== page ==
The Afar nomads, or those who gaze into the horizon
Located in the East African horn, one of the hottest and driest regions of the planet, the Afar can be found in three countries: Ethiopia, the Republic of Djibouti and Eritrea.
The desert or semi desert territory the 2 or 3 million Afar occupy represents a 150,000 square meter triangle between Awash, Ethiopia, the Bori peninsula, Eritrea, and Obock, Djibouti. In each of the three countries, the Afar have kept a “national unity”: the same language, which has only had its own alphabet for 20 years, the same traditions and the same social organization.
Due to their particular way of life and the political context, the Afar have been pushed to the outskirts of society. Following the war that broke out in 1991 between the Afar and the Issa in Djibouti, formerly Afar territory, some 30,000 Afar left Djibouti for Ethiopia and some 5,000 took refuge in Eritrea, fleeing the persecutions of the Djibouti army, controlled by the Issa. Another 80,000 Afar were displaced within the boundaries of Djibouti. In Eritrea and Ethiopia, they live in more than precarious social and sanitary conditions, as their refugee status is not even recognized.
A pastoral and semi-nomadic people, the mysterious Afar, or Danakils, are both an object of fascination, because of their physical beauty, and of fear, due to their reputation as cruel warriors. All sorts of legends and fantasies depict them as ruthless killers. The uncertain origin of the Afar contributes to their mystery. For several reasons, they are often compared to the Ancient Egyptians. Whether or not they descend from this ancient civilization, most of them have maintained their traditional ways. Some of them have become city-dwellers, settling down in Tadjoura, Obock, Awash and Assaïta, which they regard as their capital. Their only wealth is livestock. The dryness of the climate forces them and their stock – dromedaries, goats, sheep and cows – to take on long transhumant journeys through the desert.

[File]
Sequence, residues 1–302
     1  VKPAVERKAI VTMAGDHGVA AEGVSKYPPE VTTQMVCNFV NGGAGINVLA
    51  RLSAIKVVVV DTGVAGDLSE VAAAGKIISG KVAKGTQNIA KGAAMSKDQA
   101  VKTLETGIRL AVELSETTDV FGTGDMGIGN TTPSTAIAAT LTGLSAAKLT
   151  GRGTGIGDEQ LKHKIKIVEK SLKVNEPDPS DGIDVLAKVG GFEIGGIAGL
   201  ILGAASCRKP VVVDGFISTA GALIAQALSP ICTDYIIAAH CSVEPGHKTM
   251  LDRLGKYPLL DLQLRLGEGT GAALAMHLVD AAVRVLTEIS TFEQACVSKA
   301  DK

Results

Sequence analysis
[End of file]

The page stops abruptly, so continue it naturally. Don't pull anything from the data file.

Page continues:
The Danakils have also specialised in salt collecting, which they do in the middle of the desert, mostly on the shores of Lake Assal, in the Republic of Djibouti. This exhausting task consists in collecting the compact clusters of salt using pick axes or even their bare hands. As it is corrosive, salt is usually collected in the morning or in the evening, to avoid the blazing hot sun. The gathered salt is then taken by caravan across the East African horn.
Many Afar today hope to improve their material conditions and their level of education by adopting a more sedentary lifestyle. Some of them even have the dream of creating a country of their own.